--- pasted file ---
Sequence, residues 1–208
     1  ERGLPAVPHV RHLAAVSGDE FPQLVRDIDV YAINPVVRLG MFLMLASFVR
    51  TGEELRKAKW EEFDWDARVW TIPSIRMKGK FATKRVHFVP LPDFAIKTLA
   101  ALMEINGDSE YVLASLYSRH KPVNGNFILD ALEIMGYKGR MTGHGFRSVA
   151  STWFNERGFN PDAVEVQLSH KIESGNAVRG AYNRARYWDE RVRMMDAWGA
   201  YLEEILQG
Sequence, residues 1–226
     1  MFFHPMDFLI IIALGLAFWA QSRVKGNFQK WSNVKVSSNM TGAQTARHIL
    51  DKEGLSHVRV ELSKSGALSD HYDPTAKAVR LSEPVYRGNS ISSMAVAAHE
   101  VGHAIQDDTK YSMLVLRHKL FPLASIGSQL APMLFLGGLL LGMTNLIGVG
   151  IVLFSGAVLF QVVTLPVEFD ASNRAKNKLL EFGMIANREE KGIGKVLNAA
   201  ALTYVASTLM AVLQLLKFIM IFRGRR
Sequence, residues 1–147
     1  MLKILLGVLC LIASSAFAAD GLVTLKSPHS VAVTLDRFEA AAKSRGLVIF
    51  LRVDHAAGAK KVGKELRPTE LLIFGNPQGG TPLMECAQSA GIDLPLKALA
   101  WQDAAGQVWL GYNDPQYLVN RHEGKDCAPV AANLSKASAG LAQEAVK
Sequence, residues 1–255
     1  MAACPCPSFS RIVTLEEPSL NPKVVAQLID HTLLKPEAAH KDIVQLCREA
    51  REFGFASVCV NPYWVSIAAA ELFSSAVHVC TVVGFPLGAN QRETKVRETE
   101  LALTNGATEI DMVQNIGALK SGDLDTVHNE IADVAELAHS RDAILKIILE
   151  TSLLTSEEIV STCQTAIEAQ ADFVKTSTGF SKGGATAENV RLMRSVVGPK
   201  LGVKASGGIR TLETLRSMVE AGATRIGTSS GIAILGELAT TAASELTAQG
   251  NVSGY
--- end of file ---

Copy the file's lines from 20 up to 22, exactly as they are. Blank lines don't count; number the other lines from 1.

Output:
   101  LALTNGATEI DMVQNIGALK SGDLDTVHNE IADVAELAHS RDAILKIILE
   151  TSLLTSEEIV STCQTAIEAQ ADFVKTSTGF SKGGATAENV RLMRSVVGPK
   201  LGVKASGGIR TLETLRSMVE AGATRIGTSS GIAILGELAT TAASELTAQG